Alan Biggs: If Sheffield United don't go for Slavisa Jokanovic then Paul Heckingbottom is next best option

He’s what might be termed the continuity candidate and there’s an awful lot to be said for continuity at Bramall Lane right now.

Wednesday, 5th May 2021, 12:00 pm

Not that there isn’t for Paul Heckingbottom as a man or coach. Only that Sheffield United seem to be shying away from making a big statement having appeared to envisage a better future than the one Chris Wilder afforded them.

This change in itself was a big statement. Delivering action after words - and not a few of them slung in the direction of a double promotion winner - has presented a reality which it is expensive to embrace.

And if the Blades are not going for the best qualified man for the job - palpably Slavisa Jokanovic in my view and many others - then Heckingbottom makes more sense than alternatives.

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Paul Heckingbottom interim manager of Sheffield Utd during the Premier League match at the Tottenham Hotspur Stadium, London. David Klein / Sportimage

In fact, having made Jokanovic this column’s first, second and third choice, I’d put the caretaker manager in fourth place. Effectively that makes him first.

It’s not only that he knows the club, having been detailed upwards from the Under 23s, or that he favours the practicality of continuing with the previous boss’s 3-5-2 system, it’s just that he has relationships geared to keeping body and soul together. Or at least striving to do so.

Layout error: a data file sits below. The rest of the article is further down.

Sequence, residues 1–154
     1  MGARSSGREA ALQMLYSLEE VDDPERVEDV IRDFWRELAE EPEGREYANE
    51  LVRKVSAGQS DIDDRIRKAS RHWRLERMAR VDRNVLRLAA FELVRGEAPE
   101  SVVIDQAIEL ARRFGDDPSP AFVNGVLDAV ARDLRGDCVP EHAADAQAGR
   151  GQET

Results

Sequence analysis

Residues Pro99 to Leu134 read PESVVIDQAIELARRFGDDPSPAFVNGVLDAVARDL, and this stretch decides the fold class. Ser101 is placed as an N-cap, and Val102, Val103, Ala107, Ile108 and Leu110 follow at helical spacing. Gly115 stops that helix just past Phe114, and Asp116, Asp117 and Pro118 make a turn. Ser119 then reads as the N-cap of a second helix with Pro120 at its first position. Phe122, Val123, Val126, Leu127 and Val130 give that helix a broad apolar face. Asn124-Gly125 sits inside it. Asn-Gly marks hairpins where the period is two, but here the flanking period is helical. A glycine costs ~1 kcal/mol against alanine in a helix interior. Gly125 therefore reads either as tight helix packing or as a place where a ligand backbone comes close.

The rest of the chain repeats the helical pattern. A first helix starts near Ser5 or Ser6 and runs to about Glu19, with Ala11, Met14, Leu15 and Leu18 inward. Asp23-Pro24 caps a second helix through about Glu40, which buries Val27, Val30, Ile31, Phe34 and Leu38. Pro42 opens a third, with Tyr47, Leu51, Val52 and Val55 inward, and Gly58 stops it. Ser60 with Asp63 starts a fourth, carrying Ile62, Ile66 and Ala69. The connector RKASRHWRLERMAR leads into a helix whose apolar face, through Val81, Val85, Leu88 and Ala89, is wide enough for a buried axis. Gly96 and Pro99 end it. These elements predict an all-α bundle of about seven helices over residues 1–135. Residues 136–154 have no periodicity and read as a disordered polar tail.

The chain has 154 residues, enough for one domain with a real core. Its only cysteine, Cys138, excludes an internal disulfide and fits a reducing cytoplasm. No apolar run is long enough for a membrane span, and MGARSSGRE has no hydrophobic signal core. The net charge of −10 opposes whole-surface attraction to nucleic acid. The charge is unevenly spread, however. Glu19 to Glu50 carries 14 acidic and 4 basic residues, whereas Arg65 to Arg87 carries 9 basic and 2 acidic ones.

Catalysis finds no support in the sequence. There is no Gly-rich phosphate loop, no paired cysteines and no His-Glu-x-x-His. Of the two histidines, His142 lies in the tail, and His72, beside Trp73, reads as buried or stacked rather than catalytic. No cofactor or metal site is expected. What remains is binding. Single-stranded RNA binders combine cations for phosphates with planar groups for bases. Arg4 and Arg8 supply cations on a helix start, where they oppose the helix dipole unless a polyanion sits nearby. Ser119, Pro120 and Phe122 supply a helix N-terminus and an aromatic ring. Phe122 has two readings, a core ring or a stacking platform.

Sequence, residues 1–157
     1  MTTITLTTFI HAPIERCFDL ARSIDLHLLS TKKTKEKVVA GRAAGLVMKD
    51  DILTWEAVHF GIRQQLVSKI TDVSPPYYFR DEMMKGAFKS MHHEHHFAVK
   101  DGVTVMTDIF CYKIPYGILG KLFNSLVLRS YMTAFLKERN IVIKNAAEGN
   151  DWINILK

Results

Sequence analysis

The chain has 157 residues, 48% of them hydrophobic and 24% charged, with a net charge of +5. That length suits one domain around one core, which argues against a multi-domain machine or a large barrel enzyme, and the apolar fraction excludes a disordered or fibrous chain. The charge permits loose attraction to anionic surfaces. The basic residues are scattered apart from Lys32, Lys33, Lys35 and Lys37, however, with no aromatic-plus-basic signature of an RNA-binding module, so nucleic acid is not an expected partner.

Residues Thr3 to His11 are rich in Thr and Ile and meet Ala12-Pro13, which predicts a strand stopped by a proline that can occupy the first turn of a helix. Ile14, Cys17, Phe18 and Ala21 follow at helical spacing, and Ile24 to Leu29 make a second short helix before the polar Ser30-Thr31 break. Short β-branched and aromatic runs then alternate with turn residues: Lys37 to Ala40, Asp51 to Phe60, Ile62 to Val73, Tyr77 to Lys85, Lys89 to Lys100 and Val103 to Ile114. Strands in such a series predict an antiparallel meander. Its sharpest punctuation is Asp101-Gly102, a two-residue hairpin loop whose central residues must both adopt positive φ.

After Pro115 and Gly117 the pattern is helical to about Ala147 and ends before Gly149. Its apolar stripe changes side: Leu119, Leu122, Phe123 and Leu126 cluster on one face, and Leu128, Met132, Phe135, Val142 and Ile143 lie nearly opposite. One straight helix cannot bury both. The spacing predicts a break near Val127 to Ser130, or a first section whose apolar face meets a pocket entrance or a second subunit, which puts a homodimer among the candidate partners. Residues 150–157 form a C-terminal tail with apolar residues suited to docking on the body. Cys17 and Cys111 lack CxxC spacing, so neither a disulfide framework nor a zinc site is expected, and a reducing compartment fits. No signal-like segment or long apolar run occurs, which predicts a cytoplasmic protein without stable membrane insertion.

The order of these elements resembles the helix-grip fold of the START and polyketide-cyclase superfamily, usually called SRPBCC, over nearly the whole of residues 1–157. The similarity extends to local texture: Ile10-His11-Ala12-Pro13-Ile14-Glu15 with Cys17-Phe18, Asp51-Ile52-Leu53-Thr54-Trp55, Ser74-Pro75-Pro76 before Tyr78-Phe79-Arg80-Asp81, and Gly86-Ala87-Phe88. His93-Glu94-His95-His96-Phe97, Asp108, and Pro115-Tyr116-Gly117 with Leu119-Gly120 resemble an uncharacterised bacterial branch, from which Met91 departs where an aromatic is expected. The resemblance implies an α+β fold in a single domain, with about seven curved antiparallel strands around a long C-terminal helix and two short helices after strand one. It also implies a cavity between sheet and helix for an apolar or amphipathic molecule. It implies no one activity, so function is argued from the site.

The former Barnsley, Leeds and Hibernian boss may not be steeped in the Blades like his predecessor but he shares many of the same values.

And those who know him better than I do, after just a few interviews at previous clubs, will all tell you that he’s a good, genuine person, a quality not to be overlooked at the head of a squad put together on those values.

Economics may intervene but you’d give Hecky, as he’s universally known, a better chance than most to keep key players and prevent an exodus among the many who were loyal to Wilder.

Doubtless he wouldn’t have the same sway in the overall running of the club, which was a huge catalyst for recent events, and backroom technician Jan Van Winckel will become potentially the most influential figure in this Prince Abdullah regime.

Nothing necessarily wrong with that providing it works. Indeed, Norwich have successfully operated a similar model.

However, Heckingbottom should not be mistaken as a yes man or a soft touch. He may not have exhibited his displeasure in the same outward manner as Wilder, but there were times at Barnsley and Leeds when he let his feelings be known behind the scenes.

And one truth to end with here. If United don’t shape up for a promotion bid next season, the manager will be the focus of supporters’ discontent and not the arguably more powerful Van Winckel.

So, if Heckingbottom lands the job, he deserves enough power - especially over transfers - to master his own destiny.